Table 2.  SF-36 scores from articles that reported the percentage of patients with diabetes (N = 23 studies)
 HDPDRTxP-value*
Mean95% CIMean95% CIMean95% CIHD vs. PDHD vs. RTxPD vs. RTx
  • *

    Conclusions as to significance of difference from the confidence intervals is slightly different than from the P-value because of the fact that the distributions of the scores are flat and not entirely normal.

  • Mean based on random-effects model.

  • BP, Bodily Pain; CI, confidence interval; GH, General Health Perceptions; HD, hemodialysis; MH, Mental Health; PD, peritoneal dialysis; PF, Physical Functioning; RE, Role Limitations due to Emotional Functioning; RP, Role Limitations due to Physical Functioning; RTx, renal transplantation; VT, Vitality; SF, Social Functioning.

PF51.5(46.7–56.2)53.6(47.2–60.0)74.8(67.1–82.5)0.594<0.001<0.001
RP45.1(39.8–50.4)34.1(26.9–41.4)66.3(57.5–75.0)0.0170.001<0.001
BP60.2(57.2–63.2)66.1(62.0–70.2)74.0(69.1–78.9)0.025<0.0010.016
GH42.4(40.2–44.5)45.5(42.6–48.5)57.9(54.5–61.4)0.087<0.001<0.001
VT47.8(44.8–50.8)46.1(42.0–50.2)58.6(53.7–63.4)0.504<0.001<0.001
SF61.7(57.4–66.1)65.5(59.7–71.3)79.1(72.1–86.2)0.304<0.0010.005
RE51.5(47.0–56.0)55.3(49.0–61.7)73.9(66.4–81.4)0.325<0.001<0.001
MH63.7(60.9–66.5)67.2(63.4–71.0)69.5(64.9–74.1)0.1470.0340.435

In random-effects meta-regression analyses, we corrected for age and diabetes. The covariates did not attain statistical significance in many of the regression models. Only in the regression models estimating the Role Physical score and the Vitality score, the age covariate was associated with a P-value lower than 0.01. From the regression analyses and the mean age (52.9 years) and proportion with diabetes (0.16) in the total population we computed adjusted scores (see Table 3). Compared with the unadjusted scores, the adjusted scores were higher for HD patients and lower for RTx recipients. The adjusted scores of PD patients were similar to the unadjusted scores. Thus, in general, the differences between the groups became smaller. This is also reflected in the point differences of the adjusted scores of the dialysis groups compared with the RTx group, which varied from 2 to 22 (unadjusted: 2–32). After adjustment, the significance of the differences of both dialysis groups compared with RTx recipients disappeared for the Vitality dimension and the Social Functioning dimension. In addition, the significance of the differences between HD and RTx patients disappeared on the Physical Functioning, the Role Physical, and the Bodily Pain dimensions. The nonsignificantly lower score of PD as compared with HD patients on the Role Physical dimension became statistically significant. In random-effects meta-regression analyses including time on replacement therapy, this variable did not show any effect on existing differences in SF-36 scores between the three treatment groups. In the subgroup of studies that reported age and diabetes as well as time on therapy, it did have an independent effect on the significance of three PD versus RTx comparisons. But in a meta-regression model adjusted for age and diabetes as well as time on RRT, the additional effect of time on therapy only persisted for one PD versus RTx comparison. Because we did not want to include too many covariates and because the additional effect of time on RRT was negligible, it was not included as a covariate in the full meta-regression model.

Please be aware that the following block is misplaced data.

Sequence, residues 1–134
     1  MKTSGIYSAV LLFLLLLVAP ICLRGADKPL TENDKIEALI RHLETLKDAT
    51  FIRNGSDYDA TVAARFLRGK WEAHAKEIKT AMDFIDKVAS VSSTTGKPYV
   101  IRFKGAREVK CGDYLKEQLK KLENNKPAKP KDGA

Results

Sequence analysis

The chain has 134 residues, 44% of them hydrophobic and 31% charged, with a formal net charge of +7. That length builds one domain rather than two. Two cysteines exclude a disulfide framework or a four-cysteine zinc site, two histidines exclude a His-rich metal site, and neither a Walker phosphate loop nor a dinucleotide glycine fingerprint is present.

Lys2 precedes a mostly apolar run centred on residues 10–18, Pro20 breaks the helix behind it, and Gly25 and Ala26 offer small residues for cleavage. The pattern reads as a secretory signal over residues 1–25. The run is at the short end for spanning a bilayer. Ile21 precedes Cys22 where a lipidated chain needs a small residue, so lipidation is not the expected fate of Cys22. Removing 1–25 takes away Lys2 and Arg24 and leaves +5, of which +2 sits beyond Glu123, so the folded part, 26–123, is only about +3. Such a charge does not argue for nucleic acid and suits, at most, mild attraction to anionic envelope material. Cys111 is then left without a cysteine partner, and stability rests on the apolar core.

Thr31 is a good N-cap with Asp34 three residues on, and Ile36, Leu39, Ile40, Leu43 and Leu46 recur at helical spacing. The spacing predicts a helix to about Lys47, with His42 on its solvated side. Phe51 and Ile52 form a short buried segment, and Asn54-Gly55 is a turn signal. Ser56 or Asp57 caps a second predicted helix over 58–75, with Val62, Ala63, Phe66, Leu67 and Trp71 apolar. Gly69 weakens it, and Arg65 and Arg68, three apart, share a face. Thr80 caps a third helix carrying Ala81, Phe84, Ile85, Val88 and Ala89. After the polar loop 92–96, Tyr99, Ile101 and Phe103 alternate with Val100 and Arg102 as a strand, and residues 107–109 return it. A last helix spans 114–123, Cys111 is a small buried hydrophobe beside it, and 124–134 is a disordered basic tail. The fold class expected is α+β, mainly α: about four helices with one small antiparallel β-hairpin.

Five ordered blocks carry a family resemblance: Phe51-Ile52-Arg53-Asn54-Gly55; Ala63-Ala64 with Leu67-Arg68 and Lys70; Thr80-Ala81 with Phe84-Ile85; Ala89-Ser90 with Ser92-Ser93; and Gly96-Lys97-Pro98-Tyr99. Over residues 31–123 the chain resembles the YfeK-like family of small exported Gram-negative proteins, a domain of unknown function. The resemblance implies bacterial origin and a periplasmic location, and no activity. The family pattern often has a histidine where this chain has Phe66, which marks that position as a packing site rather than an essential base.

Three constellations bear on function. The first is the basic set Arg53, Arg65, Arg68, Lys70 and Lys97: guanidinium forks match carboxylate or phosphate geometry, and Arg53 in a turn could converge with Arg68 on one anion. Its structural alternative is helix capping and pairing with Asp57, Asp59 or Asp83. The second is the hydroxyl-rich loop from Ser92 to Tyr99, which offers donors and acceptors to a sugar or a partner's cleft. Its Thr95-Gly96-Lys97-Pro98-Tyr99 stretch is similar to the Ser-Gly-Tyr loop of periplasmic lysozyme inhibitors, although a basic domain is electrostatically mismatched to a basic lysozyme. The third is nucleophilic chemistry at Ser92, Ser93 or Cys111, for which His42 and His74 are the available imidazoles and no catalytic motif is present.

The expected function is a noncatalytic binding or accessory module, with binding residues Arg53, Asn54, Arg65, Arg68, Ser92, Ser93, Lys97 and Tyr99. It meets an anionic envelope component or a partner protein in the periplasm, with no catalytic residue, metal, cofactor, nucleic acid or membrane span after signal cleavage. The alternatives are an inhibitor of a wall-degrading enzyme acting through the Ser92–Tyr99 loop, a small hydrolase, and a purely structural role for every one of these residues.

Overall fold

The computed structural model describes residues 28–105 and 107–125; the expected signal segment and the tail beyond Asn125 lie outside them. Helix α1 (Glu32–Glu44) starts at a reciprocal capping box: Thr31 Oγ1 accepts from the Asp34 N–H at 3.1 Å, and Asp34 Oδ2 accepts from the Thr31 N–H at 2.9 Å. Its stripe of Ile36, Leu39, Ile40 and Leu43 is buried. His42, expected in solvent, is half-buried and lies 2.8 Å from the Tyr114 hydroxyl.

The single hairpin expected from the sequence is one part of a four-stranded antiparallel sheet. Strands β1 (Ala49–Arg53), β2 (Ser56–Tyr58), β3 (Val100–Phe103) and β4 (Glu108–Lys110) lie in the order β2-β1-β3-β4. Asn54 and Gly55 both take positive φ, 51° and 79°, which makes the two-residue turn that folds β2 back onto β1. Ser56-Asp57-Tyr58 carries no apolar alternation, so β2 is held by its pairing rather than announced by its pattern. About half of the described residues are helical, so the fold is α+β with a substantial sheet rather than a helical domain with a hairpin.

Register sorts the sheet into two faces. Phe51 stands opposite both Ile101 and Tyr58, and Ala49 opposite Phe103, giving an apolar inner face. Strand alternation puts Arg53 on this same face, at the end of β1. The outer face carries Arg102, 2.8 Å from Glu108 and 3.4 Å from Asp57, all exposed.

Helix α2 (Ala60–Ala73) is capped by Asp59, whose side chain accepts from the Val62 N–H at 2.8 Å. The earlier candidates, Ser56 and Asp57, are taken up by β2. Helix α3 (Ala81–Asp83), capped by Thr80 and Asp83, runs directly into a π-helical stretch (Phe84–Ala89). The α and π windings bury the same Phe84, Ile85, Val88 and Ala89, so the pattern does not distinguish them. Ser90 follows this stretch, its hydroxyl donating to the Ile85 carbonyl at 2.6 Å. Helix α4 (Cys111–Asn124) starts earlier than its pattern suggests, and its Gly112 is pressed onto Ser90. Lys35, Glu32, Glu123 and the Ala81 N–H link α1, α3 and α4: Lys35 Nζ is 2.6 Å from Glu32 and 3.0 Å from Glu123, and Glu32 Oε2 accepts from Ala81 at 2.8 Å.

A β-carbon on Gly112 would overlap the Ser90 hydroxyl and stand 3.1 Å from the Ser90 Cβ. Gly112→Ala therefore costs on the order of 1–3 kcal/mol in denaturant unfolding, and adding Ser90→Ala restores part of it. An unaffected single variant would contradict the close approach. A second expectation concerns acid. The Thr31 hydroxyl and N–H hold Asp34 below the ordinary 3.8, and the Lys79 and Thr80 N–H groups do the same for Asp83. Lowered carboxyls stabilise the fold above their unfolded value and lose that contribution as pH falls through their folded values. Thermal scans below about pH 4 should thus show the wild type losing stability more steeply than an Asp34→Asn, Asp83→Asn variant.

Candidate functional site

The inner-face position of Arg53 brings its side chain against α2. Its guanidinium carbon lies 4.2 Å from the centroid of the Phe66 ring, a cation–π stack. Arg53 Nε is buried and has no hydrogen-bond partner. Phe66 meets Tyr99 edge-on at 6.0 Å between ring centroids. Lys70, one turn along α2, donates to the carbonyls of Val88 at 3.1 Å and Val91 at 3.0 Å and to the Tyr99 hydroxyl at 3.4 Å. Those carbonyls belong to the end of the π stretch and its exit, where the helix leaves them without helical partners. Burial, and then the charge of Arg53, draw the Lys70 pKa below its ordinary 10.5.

Table 3.  SF-36 scores from articles that reported the percentage of patients with diabetes adjusted for age and diabetes
 HDPDRTxP-value*
Mean95% CIMean95% CIMean95% CIHD vs. PDHD vs. RTxPD vs. RTx